Most electric cars also have an ECO mode, which usually significantly reduces acceleration, top speed and usually the air conditioning and heating. In winter, it's also important to think about the fact that the energy in the battery is stored chemically. Driving will warm up the battery, but if it gets cold, the stored energy may not be able to be used by the electric car if the battery gets cold. If you drive 40 km in the evening, in the morning a cold car may greet you with a range of 5 km. In the case of a more charged battery, this is not a problem - it will warm up on the way. With a discharged battery, however, you may find that there is no longer enough energy in the battery to warm it up by driving. A safe limit is about 20-25% battery charge.
Want to know more? Air resistance increases with the square of the speed, so the difference between 120 and 140km/h is huge. For some, the heating in winter may be a surprise. In a combustion car, heat is a waste of engine inefficiency. But in an electric car, this excess heat is not. The ideal is to heat the car to cruising temperature while it is still connected to the charger. Keeping the interior at the same temperature then uses much less energy.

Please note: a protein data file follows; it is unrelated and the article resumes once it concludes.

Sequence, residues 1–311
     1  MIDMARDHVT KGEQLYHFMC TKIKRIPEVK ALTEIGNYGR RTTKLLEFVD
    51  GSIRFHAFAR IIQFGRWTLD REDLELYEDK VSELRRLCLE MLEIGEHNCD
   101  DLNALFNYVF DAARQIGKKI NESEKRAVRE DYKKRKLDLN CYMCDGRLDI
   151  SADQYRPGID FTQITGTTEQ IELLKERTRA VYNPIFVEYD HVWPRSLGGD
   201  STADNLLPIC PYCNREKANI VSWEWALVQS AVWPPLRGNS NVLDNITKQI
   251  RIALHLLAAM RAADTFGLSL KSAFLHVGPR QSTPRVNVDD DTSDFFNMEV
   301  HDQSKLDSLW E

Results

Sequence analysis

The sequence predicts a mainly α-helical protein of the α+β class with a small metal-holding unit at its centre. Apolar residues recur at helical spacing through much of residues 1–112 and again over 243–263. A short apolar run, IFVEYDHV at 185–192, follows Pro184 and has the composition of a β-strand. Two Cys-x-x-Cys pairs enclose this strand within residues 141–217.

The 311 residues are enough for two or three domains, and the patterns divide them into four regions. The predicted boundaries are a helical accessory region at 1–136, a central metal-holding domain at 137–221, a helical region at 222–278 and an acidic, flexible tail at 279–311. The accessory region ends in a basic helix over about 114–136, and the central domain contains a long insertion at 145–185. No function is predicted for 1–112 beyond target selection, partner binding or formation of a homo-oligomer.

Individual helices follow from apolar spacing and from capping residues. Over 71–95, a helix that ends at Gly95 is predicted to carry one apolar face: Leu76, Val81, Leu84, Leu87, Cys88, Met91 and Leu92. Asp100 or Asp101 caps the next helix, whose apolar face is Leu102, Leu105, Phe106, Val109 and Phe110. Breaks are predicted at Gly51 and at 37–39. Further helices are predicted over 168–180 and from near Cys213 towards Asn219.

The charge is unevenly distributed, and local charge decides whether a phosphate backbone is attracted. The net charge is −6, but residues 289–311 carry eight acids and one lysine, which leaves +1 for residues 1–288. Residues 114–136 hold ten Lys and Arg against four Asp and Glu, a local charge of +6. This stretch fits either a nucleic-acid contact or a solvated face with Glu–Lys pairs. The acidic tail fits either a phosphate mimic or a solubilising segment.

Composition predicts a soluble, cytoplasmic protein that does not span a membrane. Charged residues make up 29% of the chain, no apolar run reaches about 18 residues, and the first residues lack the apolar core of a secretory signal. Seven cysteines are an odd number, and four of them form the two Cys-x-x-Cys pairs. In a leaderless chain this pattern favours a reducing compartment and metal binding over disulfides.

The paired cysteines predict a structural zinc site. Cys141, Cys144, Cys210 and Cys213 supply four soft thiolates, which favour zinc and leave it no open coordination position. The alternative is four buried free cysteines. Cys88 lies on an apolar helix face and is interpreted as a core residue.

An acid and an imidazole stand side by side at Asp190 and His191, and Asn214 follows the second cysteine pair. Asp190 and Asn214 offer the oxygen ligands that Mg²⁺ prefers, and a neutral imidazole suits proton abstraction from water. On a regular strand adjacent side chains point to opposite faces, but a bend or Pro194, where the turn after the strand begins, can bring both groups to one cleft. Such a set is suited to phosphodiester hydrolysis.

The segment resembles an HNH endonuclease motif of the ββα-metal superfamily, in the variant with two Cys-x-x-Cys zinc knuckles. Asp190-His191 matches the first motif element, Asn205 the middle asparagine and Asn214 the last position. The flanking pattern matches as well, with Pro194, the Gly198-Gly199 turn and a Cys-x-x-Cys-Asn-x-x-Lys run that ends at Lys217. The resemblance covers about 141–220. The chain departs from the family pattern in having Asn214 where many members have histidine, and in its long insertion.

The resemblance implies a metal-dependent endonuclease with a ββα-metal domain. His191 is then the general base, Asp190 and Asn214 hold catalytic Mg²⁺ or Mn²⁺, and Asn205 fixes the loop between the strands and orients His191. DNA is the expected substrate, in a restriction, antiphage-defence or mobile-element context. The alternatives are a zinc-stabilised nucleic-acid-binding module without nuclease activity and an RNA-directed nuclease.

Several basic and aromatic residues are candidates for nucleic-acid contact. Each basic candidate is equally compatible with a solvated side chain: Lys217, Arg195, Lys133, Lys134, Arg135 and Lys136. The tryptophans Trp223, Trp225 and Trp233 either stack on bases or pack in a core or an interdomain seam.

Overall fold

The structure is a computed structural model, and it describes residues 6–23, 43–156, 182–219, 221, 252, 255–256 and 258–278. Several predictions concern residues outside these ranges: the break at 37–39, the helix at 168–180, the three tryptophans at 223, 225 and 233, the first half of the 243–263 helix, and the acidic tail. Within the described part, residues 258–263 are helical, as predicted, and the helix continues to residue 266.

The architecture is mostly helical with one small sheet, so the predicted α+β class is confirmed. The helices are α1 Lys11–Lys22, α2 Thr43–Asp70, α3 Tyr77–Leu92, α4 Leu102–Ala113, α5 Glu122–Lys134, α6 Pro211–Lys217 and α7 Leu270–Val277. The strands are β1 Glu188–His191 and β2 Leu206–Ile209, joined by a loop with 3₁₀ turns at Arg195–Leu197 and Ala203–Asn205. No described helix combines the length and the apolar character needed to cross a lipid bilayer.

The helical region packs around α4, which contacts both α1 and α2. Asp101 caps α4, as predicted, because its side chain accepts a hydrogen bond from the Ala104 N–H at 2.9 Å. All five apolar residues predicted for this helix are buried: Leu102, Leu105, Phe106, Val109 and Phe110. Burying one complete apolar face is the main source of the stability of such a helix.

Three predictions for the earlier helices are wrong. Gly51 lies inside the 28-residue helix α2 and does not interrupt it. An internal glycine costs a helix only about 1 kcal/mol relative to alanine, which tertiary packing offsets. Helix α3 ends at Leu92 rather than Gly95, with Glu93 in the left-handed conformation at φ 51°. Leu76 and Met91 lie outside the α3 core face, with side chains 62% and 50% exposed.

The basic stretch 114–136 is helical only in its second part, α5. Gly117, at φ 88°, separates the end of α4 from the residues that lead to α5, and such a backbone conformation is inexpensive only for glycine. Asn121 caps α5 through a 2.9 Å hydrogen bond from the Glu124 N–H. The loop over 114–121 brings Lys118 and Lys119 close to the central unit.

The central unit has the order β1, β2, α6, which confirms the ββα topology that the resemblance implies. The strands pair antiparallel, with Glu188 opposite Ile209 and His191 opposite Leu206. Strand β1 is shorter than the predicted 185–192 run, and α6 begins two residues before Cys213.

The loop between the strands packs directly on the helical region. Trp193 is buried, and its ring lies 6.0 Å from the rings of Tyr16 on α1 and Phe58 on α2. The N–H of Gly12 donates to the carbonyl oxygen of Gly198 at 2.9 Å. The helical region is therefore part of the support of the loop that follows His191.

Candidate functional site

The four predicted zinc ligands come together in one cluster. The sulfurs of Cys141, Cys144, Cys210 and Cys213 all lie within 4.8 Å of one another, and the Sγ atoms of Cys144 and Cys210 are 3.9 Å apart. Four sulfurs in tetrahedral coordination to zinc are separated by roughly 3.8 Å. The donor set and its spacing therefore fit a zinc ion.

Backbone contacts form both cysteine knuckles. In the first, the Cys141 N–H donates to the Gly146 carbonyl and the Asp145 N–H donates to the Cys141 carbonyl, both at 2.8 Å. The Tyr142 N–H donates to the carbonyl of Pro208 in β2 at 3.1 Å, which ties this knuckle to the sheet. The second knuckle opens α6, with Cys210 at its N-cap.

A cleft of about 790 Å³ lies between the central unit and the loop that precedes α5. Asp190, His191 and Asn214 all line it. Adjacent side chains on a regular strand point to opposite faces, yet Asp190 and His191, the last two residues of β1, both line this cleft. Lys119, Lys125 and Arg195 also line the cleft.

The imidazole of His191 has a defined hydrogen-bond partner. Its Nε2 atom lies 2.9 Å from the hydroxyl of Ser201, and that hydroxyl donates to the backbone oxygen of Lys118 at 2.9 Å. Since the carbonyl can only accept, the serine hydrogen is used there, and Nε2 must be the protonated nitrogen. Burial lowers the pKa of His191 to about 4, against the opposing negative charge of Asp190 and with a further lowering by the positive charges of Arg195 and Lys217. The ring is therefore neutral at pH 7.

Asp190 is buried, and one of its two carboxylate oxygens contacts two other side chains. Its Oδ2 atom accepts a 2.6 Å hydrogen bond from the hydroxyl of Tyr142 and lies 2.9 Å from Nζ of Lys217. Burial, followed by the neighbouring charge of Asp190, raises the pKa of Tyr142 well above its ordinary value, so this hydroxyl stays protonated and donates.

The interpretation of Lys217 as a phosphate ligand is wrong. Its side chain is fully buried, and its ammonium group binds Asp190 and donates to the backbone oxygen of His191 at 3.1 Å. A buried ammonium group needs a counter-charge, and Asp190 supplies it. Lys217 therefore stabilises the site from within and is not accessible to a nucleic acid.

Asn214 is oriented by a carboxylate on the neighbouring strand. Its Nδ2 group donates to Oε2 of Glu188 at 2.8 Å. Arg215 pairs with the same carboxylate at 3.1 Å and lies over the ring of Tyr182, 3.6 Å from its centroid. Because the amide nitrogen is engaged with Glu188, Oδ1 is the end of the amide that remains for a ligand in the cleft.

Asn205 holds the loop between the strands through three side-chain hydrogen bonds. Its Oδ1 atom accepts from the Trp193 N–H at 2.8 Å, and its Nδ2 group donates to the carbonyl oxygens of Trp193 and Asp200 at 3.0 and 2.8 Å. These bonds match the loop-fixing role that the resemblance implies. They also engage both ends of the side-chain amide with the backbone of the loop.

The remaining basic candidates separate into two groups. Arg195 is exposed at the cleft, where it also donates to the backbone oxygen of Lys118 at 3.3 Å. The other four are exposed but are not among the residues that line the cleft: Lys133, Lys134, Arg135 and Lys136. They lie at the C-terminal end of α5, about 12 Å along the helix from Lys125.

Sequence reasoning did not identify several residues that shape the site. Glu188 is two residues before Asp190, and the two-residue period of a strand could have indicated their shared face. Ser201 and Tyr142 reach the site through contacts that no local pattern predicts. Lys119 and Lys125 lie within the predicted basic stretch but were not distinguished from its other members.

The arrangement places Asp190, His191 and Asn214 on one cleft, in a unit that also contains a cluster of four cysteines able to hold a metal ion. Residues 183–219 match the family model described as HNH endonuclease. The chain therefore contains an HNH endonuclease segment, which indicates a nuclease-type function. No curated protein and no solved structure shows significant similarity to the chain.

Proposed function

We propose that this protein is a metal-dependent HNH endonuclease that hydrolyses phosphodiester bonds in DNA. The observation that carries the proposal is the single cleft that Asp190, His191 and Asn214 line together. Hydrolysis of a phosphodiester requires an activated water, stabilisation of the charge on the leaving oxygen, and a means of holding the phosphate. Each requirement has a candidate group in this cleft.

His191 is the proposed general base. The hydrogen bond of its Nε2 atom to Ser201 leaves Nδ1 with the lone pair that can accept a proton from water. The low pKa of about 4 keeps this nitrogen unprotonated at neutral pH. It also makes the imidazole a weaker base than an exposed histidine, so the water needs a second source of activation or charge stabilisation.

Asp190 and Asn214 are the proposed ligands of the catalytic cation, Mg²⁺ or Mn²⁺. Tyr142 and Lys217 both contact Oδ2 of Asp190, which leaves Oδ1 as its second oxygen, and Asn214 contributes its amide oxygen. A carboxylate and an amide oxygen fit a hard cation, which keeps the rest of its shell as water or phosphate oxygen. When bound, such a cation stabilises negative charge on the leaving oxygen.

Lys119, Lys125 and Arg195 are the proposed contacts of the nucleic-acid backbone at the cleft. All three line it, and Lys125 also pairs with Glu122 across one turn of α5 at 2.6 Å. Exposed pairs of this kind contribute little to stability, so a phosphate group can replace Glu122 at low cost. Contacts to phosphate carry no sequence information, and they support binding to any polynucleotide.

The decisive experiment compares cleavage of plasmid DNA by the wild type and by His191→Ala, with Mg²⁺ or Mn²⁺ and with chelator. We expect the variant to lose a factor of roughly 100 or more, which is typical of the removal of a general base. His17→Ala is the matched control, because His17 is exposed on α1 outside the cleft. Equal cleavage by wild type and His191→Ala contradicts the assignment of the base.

Charging an electric car
Charging an electric car needs to be approached differently than refuelling a car. Ideally, you should charge the car whenever it is parked and charging is possible. That's why at Autonapůl the car is picked up and returned directly to the charger. With a common car you don't drive to a petrol station to fill up ¼ of the tank. With an electric car, it makes sense.
Are you going to a meeting? Shopping? Are you staying overnight? Always try to see if there's a charging option. Also, consider that charging between 20-80% is ideal. While charging, the plug is locked in the car. To release it, you need to unlock it (button in the car or on the key). Either alternating current (AC) or direct current (DC) is used for charging.